Similar to Shakespeare, Gibson repairs the status quo, preserving the power and authority of technology by elaborating upon Wintermute’s (a powerful artificial intelligence) unifying capabilities, which included reuniting Case, the protagonist, with his dead girlfriend, Linda Lee. Wintermute also distanced Case from Molly, a carnival symbol that can be likened to the fairies in A Midsummer Night’s Dream (Gibson 303). While previous researchers reached a consensus that Neuromancer is a form of Burke’s comic corrective frame, the effectiveness of Gibson’s technique is a contentious issue. Many misinterpretations of Neuromancer have promulgated, likely due to the removal of comic distance caused by the fruition of Gibson’s ideas, including the concept of virtual reality and the Internet (Csicsery-Ronay 225).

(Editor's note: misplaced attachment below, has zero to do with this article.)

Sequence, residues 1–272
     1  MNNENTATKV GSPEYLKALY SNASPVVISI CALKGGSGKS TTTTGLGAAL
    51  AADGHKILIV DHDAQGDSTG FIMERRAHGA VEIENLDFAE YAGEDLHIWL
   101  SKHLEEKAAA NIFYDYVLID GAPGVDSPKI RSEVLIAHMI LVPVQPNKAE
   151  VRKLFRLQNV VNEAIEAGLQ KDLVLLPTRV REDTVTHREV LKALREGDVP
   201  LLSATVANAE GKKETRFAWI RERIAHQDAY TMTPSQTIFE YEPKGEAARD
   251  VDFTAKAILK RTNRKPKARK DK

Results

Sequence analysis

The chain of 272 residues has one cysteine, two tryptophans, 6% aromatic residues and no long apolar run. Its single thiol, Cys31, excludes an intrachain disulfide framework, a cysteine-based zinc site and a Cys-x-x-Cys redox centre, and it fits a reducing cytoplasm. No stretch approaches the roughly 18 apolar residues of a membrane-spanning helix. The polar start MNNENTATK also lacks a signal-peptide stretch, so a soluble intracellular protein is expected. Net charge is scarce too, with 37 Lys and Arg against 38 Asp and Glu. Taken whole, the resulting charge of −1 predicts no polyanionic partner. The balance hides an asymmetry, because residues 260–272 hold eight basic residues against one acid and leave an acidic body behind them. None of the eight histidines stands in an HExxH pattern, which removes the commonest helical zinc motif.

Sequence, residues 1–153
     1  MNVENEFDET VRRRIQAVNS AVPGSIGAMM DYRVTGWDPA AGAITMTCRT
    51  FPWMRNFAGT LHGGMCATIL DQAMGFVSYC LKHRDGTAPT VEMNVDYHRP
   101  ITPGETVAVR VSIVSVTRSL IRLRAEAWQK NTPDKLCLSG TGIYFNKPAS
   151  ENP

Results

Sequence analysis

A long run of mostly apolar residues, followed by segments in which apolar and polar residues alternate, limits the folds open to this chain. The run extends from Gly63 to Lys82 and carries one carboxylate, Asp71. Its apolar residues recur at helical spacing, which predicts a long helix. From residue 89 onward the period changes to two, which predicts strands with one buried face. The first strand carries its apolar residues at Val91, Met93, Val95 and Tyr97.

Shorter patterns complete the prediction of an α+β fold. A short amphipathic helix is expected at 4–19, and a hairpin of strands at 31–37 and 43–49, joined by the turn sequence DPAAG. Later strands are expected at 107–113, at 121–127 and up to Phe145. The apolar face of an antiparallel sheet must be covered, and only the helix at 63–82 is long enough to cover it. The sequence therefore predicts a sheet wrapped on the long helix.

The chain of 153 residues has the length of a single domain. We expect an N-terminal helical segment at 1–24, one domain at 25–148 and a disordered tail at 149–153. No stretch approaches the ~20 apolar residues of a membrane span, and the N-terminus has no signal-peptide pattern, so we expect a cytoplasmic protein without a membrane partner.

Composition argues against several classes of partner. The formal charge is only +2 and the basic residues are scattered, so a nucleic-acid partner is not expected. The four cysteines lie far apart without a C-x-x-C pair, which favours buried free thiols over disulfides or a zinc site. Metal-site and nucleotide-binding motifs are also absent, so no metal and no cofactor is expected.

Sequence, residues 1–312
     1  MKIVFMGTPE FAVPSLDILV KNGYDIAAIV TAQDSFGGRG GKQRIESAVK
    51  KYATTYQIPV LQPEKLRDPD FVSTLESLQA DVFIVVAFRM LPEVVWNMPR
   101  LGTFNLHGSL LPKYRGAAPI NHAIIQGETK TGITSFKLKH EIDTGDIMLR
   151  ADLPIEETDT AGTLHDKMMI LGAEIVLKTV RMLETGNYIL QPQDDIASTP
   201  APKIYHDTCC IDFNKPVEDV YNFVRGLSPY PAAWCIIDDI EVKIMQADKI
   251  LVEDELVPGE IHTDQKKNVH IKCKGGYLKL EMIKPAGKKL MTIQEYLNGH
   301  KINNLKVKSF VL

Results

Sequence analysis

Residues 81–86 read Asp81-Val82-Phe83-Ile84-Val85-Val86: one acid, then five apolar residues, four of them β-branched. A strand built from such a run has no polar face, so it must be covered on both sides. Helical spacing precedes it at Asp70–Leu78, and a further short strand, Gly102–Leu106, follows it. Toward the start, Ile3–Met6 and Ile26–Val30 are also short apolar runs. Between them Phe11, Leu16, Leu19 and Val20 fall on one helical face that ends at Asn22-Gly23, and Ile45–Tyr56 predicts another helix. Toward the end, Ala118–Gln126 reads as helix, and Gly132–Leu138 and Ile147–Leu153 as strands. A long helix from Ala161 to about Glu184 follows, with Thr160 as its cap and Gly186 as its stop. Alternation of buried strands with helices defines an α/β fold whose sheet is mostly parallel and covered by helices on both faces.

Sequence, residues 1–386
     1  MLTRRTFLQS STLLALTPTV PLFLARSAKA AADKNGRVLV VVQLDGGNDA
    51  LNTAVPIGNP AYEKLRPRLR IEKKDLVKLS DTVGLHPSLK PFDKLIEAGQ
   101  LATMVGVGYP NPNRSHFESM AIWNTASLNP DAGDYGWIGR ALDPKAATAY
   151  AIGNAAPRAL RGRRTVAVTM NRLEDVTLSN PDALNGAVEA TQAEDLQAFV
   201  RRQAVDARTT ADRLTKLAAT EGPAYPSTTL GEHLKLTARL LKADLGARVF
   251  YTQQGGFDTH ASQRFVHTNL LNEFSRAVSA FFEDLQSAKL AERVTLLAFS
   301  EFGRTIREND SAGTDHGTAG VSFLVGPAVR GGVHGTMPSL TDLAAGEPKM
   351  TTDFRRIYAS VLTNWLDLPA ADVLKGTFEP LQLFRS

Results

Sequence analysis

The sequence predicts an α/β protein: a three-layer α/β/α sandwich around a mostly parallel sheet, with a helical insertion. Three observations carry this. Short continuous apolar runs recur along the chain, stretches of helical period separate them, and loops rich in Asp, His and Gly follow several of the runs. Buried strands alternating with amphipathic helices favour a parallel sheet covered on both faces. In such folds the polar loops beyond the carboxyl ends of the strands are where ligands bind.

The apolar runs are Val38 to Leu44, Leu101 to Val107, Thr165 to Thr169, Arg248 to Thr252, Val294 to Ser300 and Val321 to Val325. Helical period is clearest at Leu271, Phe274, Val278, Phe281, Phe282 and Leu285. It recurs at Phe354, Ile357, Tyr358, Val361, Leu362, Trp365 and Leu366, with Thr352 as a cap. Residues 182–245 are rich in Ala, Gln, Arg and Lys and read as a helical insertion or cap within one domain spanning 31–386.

Lauded for their lyricism, Gibson and Shakespeare bolster the functionality of their comic correctives through their language. In A Midsummer Night’s Dream, Titania orchestrates layered naturalistic metaphors in perfect iambic pentameter (Shakespeare 2.1.66-102); meanwhile, the artisans spoke in malapropisms and terse statements (Shakespeare 1.2.1-35). Equivalently, in Neuromancer, the decorative kinesthetic prose illuminating the opulence of the elite Tessier-Ashpool family stands in stark contrast to the profane terms describing street hustlers (Gibson 299). These social disparities forge incongruities. Furthermore, both writers impute meaning to the natural world through human-contrived mechanisms. While Shakespeare compares nature to a book, Gibson follows the modern tradition of the Newtonian mechanistic metaphor, ultimately operating to emphasize incongruities (Gough 9).